D.C., Maryland, Virginia ready three-way race to throw money at Washington’s next NFL stadium

It’s early yet, but it looks like Washington’s NFL team is setting up for a three-way bidding war to see who’ll get to build the replacement for FedEx Field, which is 18 years old already, why is this taking so long? According to the Washington Post:

[Virginia Gov. Terry McAuliffe] has pitched multiple sites for a stadium in Loudoun County along the unbuilt second leg of Metro’s Silver Line, according to two people with direct knowledge of the negotiations. Those people say that Virginia officials have also begun discussing infrastructure costs and legal agreements with the team.

Maryland, where the team has played for nearly two decades, has just begun its own effort to keep the Redskins, led by new Republican Gov. Larry Hogan, who proclaimed support for the team’s moniker during his campaign. Hogan said he recently pitched Redskins owner Daniel Snyder on staying in Maryland during a two-hour meeting.

D.C., meanwhile, hasn’t had any talks lately with Snyder since people finished laughing at councilmember Vincent Orange’s laughable 100,000-seat stadium plan, but it’s still always on the back burner, especially now that D.C. United will be leaving RFK Stadium, making that site available for a possible future football stadium. Snyder undoubtedly knows that bidding wars are the best way to get politicians to open taxpayers’ wallets with alacrity — it worked amazingly for the Nationals, after all — so he’s starting early.

And in case you’re wondering whether Snyder signed a lease at FedEx Field when it opened in 1997: Sure he did, and it runs through 2027, but that’s not going to stop him from talking about building a new stadium now — especially if he thinks that he can either get a new suitor to help him buy his way out of the end of that lease, or get Maryland to let him break the lease in exchange for not hopping across the state border. This is why “no talking about new stadiums” lease clauses are so important, and why the St. Petersburg city council is absolutely justified in not wanting to let the Tampa Bay Rays out of theirs for cheap.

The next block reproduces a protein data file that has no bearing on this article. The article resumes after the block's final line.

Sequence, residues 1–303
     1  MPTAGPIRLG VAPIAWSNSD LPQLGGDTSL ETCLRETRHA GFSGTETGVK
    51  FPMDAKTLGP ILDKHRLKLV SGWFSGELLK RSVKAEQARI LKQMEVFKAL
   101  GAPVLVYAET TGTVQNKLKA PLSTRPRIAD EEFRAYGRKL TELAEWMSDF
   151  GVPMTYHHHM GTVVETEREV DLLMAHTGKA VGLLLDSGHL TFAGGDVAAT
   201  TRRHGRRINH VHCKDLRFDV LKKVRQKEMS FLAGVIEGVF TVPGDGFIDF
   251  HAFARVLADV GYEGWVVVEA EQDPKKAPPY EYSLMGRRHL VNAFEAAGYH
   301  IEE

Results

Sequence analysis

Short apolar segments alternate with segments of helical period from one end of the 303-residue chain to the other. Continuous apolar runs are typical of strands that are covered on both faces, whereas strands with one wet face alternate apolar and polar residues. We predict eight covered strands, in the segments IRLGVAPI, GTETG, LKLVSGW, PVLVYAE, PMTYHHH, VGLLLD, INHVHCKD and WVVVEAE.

8 comments on “D.C., Maryland, Virginia ready three-way race to throw money at Washington’s next NFL stadium

  1. Another tax-hating, big-government crushing Republican. Clearly, they are indeed doing the Lord’s work.

  2. They should tell Dan Snyder to eat it.

    What’s he going to do, move the team from the nation’s capital, to Toledo?

    God-awful franchise.

  3. I am both a Marylander and a Redskins fan, but it would not hurt my feelings to see the team move to Northern Virginia on the Silver Line. I may be in the minority, but because NFL stadiums host so few home games I prefer to see these mammoth stadiums out in the burbs.

  4. Dan Snyder owns FedEx Field, so the “lease” aspect is irrelevant, right?

  5. They have some kind of lease with Prince George’s County — on the land, maybe? I’ll try to dig it up after I’m done with this morning’s KUCI-FM spot.

  6. Prince George’s County owns the 300+ acres of land that the stadium and practice facility sit on.

    The lease was signed when the stadium was built to stay there until 2027 with both PG County and Maryland for the land and the infrastructure improvements to to the site.


  7. It certainly is ironic that, most likely, many of the same folks that fought hard against spending money on the Silver Line (which only brings people to actual paying jobs) are getting ready to line up for a football stadium that works for likely less than a month a year. Priorities.